GED: Yes, there are many, all the one’s Paul mentioned. I would add Magnetic Eye in the States who’ve a great roster, but I’ll do a special shout out to APF. We’ve followed them on the old socials and all the releases Andy Field has put out, every one a corker. We’ve even got to know him a little bit now, well electronically anyway. He’s out there signing bands, putting himself about and releasing records, tirelessly promoting them and the scene, like us (I like to think) keeping it thriving and alive. Label wise we are very alike in ethos. I guess my point is this. Nobody starts a grass roots record label nowadays, let alone a metal/rock one to get rich, because you will be sorely disappointed.
The margins and returns that you get are so small that it is not realistic to expect to make a living from it (both Paul and I have day jobs). Any money you make is to pay the bands and plough into new releases. There really is only one reason to do it. That’s because you love the music and the community that goes with it. It’s because you want to provide an outlet for new bands and new music to be heard, with the hope of getting bold new talent to the next level, and also because it is great fun. Who is going to break new bands if it wasn’t for the small labels? It ain’t Universal or Sony that’s for sure.
(((o))): Can you reveal any news – or a teasing taster – on what you have in the pipeline for this tenth anniversary year?
PAUL: I’d like to organise some sort of party/gig/event at the end of the year to have a full on knees up. There are one or two things that stand in the way at the moment but let’s keep our fingers crossed – Rocket did an anniversary weekend a couple of years back that was great and Rise Above did likewise a few years back too. News for us is (obviously) releasing a new album or revealing a new band – let me talk to Ged about what we could ‘reveal’ for you guys. Meantime, Ged might like to tell you a bit about a slightly ‘non-New Heavy Sounds’ TV project we are working on. I’d love to be able to reveal that we’ll get our Japanese duo Blacklab over from Japan in 2022 with a third album, but it is a little early for that. The Disco album that you heard that Black Moth were working on has been delayed by the Covid year but there’s certainly an opening for it now that Daft Punk have ‘stepped down’!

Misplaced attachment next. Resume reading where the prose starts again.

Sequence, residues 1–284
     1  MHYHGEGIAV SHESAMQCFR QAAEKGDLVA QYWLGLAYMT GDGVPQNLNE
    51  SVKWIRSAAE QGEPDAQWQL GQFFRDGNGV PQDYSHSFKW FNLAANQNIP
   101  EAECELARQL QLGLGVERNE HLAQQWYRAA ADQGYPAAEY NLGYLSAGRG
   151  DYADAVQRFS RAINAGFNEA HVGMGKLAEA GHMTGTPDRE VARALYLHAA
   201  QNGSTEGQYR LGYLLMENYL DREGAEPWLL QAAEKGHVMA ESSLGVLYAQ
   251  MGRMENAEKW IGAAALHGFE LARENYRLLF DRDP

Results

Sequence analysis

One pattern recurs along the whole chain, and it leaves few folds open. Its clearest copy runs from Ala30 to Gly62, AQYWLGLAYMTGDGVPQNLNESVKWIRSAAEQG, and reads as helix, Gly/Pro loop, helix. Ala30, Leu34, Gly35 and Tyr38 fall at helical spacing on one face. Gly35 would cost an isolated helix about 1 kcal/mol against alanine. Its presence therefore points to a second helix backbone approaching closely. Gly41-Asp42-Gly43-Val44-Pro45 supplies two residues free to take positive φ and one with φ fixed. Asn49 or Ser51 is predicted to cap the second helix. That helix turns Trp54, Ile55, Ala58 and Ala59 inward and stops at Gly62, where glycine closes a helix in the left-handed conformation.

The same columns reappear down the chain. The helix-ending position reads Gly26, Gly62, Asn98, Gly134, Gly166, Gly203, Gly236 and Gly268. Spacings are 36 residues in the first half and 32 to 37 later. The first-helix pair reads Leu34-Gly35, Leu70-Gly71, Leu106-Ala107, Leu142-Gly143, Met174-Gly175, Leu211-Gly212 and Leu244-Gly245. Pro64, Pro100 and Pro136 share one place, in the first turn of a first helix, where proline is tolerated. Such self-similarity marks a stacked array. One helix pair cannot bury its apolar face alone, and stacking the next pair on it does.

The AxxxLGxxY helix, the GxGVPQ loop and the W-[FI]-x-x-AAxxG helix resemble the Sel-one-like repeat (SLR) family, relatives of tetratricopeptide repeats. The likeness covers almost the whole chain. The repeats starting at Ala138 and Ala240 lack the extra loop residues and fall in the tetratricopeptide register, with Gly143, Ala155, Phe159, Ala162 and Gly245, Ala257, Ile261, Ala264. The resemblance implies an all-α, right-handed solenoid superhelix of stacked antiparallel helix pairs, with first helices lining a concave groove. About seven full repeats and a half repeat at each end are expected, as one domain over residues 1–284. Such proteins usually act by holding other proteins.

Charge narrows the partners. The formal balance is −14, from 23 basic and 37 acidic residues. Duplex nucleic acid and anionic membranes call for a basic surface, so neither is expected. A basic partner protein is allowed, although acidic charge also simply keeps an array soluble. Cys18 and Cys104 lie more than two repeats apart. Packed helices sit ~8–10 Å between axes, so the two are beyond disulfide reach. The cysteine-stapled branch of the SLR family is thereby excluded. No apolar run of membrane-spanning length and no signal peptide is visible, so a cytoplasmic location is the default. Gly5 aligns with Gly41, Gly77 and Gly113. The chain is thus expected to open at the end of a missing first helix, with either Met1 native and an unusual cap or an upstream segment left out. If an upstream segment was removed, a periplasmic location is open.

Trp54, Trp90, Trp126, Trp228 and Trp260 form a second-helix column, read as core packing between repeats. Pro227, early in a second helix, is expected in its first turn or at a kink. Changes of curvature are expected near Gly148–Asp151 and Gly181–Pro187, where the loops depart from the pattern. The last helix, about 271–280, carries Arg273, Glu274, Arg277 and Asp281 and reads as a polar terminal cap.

GED: Ok, so the ‘TV’ project. This is one idea we had that we are trying to slowly make happen. Basically, our idea is to create a heavy music TV magazine programme sort of thing. Bands playing live in a studio, with presenter links and items of interest covering the grass roots heavy scene. A bit old school, a bit like ‘The Old Grey Whistle Test’ in fact, but for heavy music. We have some technical expertise between us and our pals, and the hope is to make around 4 pilot programmes. Hopefully we can reach out to a few folks in the scene to see if they would like to be involved. In that respect we wouldn’t feature just NHS bands but aim to include bands signed by other labels and unsigned. Most importantly, the emphasis would be on the smaller grass roots bands. We wouldn’t necessarily be interested in the big one’s per se. I’m not sure there is anything quite like that around, correct me if I’m wrong. As to what platform we’d use and the logistics, we are yet to sort that side of it out, in the meantime we did start filming but Covid put a stop to that. However we’re planning to resume, and as gigs start happening this should give the opportunity to put it all together. That’s the idea anyway, we shall see how we go.
To keep bang up to date with New Heavy Sounds and the associated scene’s goings on then see their website to sign up to their newsletter, and fingers crossed we can once again get out there to support the scene in the most fun of ways…..live gigs.